A Note on Ideology:

Is the decision to hold evidence-based reasoning as the gold-standard of human knowledge an ideology? Personally, I would say no, but it may emerge as the moral and epistemological foundation for an ideology. Ideologies are complex systems of both belief and socio-political structure. All religions are ideologies, but not all ideologies are religions. Right now I would say that culturally, atheism is emerging as a non-religious ideology; one that uses evidence-based reasoning as its “sacred value.”

We atheists are just as prone to irrationality and groupishness as the next guy, so we will doubtless have our own weird irrational beliefs in no time. This is a feature of human groups. My hope is that we will have the courage to live up to our core values, and in so doing we will build social structures that provide the great service of pointing out how we are wrong. It is the process of finding our mistakes that drives progress. This has been the core lesson of science. Bringing this lesson into other social systems is what the best of the atheist movement is all about.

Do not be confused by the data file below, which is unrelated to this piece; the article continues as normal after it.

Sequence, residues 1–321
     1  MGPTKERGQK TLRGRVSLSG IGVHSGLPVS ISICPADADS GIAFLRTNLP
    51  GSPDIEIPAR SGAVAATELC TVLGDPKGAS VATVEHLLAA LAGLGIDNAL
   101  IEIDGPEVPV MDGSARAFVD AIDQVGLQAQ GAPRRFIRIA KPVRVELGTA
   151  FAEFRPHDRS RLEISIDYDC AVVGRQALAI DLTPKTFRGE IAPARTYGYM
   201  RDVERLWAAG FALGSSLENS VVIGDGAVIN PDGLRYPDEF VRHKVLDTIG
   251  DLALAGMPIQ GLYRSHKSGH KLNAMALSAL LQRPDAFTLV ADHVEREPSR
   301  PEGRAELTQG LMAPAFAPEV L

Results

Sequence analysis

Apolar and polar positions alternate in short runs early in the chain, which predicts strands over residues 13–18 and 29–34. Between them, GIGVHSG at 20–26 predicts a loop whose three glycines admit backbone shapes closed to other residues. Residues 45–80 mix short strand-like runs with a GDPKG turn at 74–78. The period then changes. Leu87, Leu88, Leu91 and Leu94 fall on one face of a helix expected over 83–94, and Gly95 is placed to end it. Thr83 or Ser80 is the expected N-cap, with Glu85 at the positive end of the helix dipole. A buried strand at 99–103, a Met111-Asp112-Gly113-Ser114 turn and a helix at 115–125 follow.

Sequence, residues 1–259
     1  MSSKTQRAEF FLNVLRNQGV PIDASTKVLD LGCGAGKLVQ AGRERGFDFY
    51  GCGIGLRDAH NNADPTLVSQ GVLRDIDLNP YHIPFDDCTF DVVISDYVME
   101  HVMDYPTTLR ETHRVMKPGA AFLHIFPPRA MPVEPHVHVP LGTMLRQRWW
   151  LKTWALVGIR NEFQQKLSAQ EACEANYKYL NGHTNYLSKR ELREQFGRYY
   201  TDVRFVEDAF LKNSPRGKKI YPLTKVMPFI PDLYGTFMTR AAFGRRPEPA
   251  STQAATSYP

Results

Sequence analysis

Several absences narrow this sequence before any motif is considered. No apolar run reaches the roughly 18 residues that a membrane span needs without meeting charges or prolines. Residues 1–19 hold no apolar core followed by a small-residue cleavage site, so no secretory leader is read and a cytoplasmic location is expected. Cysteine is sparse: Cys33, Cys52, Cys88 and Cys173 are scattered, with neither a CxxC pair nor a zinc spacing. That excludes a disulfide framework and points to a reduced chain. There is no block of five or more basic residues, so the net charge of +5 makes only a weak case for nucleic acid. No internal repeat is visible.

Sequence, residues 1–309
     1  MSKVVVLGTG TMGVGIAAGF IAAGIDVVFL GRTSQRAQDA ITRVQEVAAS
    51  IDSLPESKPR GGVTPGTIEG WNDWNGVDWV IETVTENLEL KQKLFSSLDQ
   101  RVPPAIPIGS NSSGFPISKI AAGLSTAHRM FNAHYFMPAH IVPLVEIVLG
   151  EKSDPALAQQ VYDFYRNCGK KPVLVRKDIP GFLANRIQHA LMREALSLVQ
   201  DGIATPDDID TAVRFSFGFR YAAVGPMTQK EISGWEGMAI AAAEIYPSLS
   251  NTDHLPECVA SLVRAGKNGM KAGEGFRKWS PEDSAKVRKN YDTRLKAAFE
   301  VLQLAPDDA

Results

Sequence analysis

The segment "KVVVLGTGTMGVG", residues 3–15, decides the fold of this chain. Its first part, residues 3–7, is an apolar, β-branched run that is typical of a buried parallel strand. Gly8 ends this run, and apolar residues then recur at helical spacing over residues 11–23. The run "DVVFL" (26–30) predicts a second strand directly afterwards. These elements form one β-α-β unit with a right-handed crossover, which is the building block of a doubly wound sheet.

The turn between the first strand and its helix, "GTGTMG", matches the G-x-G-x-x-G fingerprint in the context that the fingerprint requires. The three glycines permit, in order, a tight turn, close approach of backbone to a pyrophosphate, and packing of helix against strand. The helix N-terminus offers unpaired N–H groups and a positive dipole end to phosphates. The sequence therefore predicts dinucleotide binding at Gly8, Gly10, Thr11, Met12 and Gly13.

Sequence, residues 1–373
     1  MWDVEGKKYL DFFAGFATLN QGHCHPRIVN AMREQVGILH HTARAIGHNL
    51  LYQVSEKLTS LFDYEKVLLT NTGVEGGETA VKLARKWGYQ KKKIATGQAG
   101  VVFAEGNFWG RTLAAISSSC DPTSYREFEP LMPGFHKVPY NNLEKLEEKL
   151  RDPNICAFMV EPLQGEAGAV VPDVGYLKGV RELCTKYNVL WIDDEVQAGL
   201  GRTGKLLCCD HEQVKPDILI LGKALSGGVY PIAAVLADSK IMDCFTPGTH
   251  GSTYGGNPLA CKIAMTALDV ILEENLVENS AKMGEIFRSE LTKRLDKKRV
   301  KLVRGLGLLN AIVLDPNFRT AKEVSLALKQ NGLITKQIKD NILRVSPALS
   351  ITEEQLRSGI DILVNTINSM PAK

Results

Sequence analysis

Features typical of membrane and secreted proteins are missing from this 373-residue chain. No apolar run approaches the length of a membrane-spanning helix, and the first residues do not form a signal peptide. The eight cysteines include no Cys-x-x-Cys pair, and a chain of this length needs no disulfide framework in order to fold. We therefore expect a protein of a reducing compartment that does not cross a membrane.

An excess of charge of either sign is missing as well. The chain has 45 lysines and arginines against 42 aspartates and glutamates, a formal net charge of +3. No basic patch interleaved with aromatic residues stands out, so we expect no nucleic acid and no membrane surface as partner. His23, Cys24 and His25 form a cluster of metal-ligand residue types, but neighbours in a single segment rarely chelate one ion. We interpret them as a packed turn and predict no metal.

Sam Fletcher

I don’t find anything in faith (textually) that interests me, and I often find faith (socially) to bring out the most abhorrent in human behavior.

The universe is plenty weird enough. We live in a cosmos of swirling, excited energy. If you could shrink down to the size of a molecule (although this makes no sense; you couldn’t see anything because photons would be of enormous size) you’d see that the building blocks of your own skin are scorchingly hot and vibrating with such agitation that they fling torrents of electromagnetic particles. If you scaled up, you’d see a universe where globs of energy get so dense, they gum up space and time itself into vast pools of infinite gravity and infinitely slow time. Not even light escapes.